PARIS/NIMES (Reuters) - Victims of last November’s Islamic State assault on Paris plan to sue the French state for failing to avert a killing spree by militants who had drawn scrutiny from police and intelligence services, a lawyer for the group said on Tuesday.
Earlier in the day a court in a separate case found the French state partly at fault over the killing of a French soldier in 2012 by Mohamed Merah, a militant whose activities had also been tracked for some time by police and security services. Merah was killed in a shootout with police that year.
Samia Maktouf, a lawyer representing 17 victims of the Paris attacks, said she would take legal action against the state on the grounds that some of the assailants were also people the police and judicial authorities had been keeping tabs on.
“We will do all we can to get the French state convicted for failing to prevent terrorists, some of whom were under judicial surveillance, from carrying out their act,” Maktouf told BFM TV.
Nine militants killed 130 people and wounded hundreds more on Nov. 13, 2015. Some assailants blew themselves up near the Stade de France stadium, others opened fire on downtown cafe terraces and a third group armed with guns and suicide vests killed 90 music fans at the Bataclan rock concert hall.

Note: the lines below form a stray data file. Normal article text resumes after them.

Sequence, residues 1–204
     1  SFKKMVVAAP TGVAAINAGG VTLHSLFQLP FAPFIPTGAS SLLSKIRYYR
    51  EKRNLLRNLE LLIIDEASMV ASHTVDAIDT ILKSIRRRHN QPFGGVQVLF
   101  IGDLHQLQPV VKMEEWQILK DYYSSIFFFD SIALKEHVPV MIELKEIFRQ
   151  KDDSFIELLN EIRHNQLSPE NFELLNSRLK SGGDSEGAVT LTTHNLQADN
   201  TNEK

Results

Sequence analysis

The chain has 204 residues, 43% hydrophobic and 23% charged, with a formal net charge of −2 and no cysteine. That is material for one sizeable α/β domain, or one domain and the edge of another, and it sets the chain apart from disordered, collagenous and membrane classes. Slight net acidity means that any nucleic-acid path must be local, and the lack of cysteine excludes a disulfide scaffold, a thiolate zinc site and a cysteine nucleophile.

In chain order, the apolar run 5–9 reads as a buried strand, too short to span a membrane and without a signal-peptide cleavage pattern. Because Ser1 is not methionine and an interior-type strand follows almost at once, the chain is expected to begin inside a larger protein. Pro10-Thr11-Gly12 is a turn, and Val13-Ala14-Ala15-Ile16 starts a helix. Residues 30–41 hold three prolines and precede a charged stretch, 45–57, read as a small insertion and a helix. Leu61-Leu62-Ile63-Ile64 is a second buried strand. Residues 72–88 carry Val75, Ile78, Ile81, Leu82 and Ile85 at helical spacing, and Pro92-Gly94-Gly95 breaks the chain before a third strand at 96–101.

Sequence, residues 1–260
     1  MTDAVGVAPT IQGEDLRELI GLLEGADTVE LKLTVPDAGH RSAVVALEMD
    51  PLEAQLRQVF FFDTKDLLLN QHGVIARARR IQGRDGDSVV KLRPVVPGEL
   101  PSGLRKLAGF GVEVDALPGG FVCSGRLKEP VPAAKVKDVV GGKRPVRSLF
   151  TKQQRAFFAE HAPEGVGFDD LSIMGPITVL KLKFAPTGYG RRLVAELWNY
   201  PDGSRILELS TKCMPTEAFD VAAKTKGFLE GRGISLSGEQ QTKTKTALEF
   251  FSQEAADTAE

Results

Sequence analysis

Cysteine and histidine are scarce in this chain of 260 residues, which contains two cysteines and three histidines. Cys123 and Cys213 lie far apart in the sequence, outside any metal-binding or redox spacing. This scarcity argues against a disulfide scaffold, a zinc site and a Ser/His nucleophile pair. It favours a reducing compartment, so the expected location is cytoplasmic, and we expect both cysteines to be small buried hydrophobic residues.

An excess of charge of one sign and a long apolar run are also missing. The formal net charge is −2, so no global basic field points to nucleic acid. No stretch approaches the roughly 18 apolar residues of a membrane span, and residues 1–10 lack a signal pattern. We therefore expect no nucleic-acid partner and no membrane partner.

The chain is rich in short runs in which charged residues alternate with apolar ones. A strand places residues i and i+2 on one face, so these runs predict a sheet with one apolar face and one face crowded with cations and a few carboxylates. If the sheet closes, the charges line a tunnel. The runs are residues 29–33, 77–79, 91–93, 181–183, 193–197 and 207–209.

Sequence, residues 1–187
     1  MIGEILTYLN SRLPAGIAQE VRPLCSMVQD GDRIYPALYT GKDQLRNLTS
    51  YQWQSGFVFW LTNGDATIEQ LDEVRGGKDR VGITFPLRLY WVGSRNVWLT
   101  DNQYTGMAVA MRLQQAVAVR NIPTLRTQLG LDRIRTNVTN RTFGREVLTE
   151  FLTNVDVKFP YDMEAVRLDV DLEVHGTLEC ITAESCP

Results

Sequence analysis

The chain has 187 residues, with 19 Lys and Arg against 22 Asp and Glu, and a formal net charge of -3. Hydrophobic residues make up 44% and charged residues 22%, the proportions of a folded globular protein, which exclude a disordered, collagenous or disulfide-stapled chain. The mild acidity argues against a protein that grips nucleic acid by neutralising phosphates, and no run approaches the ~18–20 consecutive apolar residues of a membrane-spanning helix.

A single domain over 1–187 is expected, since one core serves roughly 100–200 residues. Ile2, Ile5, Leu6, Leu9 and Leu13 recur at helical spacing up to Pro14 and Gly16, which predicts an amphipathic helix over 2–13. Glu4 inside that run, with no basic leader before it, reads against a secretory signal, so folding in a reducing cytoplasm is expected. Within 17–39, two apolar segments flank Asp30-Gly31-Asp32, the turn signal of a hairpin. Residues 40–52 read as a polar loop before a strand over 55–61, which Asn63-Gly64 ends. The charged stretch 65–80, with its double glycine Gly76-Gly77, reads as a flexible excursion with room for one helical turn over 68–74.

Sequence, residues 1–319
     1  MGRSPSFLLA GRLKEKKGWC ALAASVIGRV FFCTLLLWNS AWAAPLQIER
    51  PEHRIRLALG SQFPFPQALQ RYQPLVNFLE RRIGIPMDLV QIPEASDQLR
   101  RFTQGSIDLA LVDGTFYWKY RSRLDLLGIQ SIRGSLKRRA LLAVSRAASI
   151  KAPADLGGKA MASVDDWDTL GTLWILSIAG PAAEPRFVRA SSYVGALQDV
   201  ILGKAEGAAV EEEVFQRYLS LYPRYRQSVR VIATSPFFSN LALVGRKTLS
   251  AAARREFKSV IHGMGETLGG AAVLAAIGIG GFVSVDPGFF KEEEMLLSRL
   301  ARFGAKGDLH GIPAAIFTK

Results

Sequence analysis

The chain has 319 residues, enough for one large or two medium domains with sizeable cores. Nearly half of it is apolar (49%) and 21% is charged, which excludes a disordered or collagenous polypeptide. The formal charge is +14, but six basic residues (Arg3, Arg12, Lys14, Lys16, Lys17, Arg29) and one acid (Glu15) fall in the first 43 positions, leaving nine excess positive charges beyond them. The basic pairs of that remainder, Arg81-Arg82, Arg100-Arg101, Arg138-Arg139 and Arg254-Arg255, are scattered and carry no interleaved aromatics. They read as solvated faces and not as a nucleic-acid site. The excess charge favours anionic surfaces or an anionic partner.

A parliamentary investigation into the attack ended with the publication of a report last week that highlighted, among other possible failings of the state, the fact that one of the Bataclan attackers had gone to Syria a month earlier despite being under surveillance over a 2012 trip to Yemen.
France has since cracked down on people suspected of going to war zones like Syria to train as jihadist combatants.
A French court last week sentenced several people who returned from one such sortie to between eight and 10 years in jail - including the brother of one of the Bataclan attackers.
In a ruling sure to encourage victims of the November attacks and others, a court in the southern city of Nimes on Monday judged the French state to have been partially at fault for the killing of soldier Abel Chennouf in 2012.
He was one of three soldiers killed that year by Merah, a 23-year-old who said he was inspired by al Qaeda and went on to kill four Jews, three of them school children, before being cornered in a flat and dying in a hail of police bullets.
The judge faulted the French state on the grounds that the police and intelligence services had decided at one point to stop tracking Merah.
“The decision to halt all surveillance of Mohamed Merah ... constitutes a mistake for which the state is liable, given the profile of Mohamed Merah and his highly suspect behavior, notably after recent trips to Afghanistan and Pakistan,” Monday’s verdict stated.
The judge ruled that the state should as a result provide financial compensation to the wife, child and parents-in-law of the murdered soldier.
Writing by Brian Love; editing by Mark Heinrich